Study Finds Potential Link Between Air Pollution And Autism : Report

Exposure to air pollution could cause autism and autism-like traits, according to a review examining the long-term effects of pollution exposure on autism spectrum disorder (ASD) during a child’s early life. 

Causes of autism are not fully understood and, while genetic factors are believed to account for more than half of those contributing to autism, environmental and other factors are increasingly being recognized as potential causes.

“The developing brains of young children are more vulnerable to toxic exposures in the environment and several studies have suggested this could impact brain function and the immune system,” said Yuming Guo, from Monash University’s School of Public Health and Preventative Medicine, in a statement. “These effects could explain the strong link we found between exposure to air pollutants and ASD, but further research is needed to explore the associations between air pollution and mental health more broadly.” 

Publishing their work in Environment International, researchers reviewed multiple studies in humans and animals examining the long-term effects of pollution exposure on ASD in the womb and during a child’s early life looking specifically at the health effects of three types of particulate matter (the fine airborne particles that are byproducts of emissions from factories, construction, and vehicle pollution, among other things). The study incorporated a total of 124 children with ASD and 1,240 healthy children as controls. The team found that exposure to certain types of pollution can increase the risk of developing ASD by up to 78 percent.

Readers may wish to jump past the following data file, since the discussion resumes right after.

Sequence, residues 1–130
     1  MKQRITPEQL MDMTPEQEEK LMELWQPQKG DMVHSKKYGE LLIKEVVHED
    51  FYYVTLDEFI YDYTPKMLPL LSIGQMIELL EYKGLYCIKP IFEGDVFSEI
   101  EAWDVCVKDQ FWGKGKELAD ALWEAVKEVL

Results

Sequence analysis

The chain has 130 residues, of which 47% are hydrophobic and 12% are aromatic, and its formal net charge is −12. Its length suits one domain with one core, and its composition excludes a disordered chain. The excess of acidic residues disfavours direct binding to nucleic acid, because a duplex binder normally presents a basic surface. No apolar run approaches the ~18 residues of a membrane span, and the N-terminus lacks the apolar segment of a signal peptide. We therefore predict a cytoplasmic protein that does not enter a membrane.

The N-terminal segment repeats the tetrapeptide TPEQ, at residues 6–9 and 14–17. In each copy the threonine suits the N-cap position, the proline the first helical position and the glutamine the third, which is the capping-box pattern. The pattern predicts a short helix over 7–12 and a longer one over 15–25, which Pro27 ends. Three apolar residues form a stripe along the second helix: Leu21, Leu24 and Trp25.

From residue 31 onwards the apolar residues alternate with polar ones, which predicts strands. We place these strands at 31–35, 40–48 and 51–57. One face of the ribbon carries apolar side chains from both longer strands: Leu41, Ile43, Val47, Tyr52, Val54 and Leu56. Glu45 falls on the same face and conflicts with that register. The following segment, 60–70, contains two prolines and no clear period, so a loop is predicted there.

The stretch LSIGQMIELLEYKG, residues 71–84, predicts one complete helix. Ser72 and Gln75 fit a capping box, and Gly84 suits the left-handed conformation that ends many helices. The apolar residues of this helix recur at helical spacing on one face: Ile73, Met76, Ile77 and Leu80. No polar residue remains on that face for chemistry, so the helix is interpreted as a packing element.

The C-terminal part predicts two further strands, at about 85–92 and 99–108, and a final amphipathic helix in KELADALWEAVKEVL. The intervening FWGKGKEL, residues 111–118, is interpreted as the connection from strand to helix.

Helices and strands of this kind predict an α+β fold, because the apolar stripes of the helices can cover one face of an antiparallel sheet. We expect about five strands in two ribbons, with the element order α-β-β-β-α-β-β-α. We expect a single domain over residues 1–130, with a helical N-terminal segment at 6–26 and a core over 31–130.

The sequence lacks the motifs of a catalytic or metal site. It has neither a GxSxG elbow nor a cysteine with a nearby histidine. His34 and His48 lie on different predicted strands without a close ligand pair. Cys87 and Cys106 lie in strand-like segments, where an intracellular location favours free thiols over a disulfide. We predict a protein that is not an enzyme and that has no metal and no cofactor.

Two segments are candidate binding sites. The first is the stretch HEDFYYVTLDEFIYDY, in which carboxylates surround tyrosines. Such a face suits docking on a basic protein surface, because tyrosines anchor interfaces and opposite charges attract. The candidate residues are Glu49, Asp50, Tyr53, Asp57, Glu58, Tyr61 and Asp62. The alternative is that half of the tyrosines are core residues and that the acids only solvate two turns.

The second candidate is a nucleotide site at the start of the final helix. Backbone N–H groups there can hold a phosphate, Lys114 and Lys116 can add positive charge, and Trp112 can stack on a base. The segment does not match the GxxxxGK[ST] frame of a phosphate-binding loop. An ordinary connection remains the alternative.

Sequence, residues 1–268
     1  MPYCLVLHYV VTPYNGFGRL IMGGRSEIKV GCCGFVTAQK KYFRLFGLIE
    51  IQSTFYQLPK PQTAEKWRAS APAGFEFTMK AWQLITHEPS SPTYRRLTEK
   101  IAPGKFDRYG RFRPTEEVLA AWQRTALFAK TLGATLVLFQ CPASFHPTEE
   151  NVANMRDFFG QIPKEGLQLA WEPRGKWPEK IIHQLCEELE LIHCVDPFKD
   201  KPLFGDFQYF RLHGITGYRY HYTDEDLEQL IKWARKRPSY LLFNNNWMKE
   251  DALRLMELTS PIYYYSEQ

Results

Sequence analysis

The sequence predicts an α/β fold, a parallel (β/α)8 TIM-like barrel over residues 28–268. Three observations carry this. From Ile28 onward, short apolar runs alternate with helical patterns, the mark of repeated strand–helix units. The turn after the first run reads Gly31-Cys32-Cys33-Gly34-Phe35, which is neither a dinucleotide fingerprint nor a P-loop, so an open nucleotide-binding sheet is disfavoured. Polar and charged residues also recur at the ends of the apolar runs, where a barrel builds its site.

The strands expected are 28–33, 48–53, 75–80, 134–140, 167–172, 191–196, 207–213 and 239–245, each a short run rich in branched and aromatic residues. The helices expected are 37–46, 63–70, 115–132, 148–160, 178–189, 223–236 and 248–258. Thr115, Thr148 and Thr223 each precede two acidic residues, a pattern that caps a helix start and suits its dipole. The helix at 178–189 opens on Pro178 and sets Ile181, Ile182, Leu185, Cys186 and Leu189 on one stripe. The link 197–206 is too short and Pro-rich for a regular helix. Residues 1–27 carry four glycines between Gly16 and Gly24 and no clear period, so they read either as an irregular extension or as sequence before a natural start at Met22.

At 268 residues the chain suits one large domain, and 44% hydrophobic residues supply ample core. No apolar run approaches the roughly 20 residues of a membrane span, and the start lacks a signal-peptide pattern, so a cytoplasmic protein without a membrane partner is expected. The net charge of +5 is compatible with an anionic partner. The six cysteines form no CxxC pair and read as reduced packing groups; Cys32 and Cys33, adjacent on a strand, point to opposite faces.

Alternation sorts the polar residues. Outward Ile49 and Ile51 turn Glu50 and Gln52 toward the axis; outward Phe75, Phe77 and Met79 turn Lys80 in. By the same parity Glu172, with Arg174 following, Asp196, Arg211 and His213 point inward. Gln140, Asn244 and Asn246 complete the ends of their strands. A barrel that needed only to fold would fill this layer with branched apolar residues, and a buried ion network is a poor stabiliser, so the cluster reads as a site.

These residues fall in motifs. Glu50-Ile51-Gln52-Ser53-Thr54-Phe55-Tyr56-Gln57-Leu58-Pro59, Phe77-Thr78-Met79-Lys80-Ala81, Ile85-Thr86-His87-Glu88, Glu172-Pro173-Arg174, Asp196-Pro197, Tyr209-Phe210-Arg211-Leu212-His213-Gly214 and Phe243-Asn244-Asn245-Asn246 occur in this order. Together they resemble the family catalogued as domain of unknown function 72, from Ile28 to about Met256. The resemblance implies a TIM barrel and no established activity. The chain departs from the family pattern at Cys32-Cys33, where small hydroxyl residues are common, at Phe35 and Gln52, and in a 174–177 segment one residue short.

One such byproduct called dioxin causes changes – such as malfunctions of the mitochondria, thyroid gland, and nerve cell communication – that can result in autism. Dioxins are a byproduct of certain industrial processes like bleaching paper or making various pesticides and herbicides. Since they poorly degrade, dioxins accumulate in the environment and atmosphere and turn up in living organisms. People are most commonly exposed to them through animal-based foods like dairy or meat. And when a child is exposed to dioxins during their most vulnerable brain development phases, they appear to experience an increased risk of developing ASD or ASD-like traits.

However, the authors note that the presence of other pollutants likely affects the development of ASD, so it is difficult to say whether dioxins directly lead to the condition.  

Autism is a growing public health concern as more and more cases are detected each year, though partially because of our ability to more accurately diagnose the condition. In the last 50 years, more than 80,000 new synthetic chemicals have been developed, 3,000 of which are widely used and pose a risk to humans. Understanding how these chemicals impact human health could inform global standard policies meant to reduce harm in the future.

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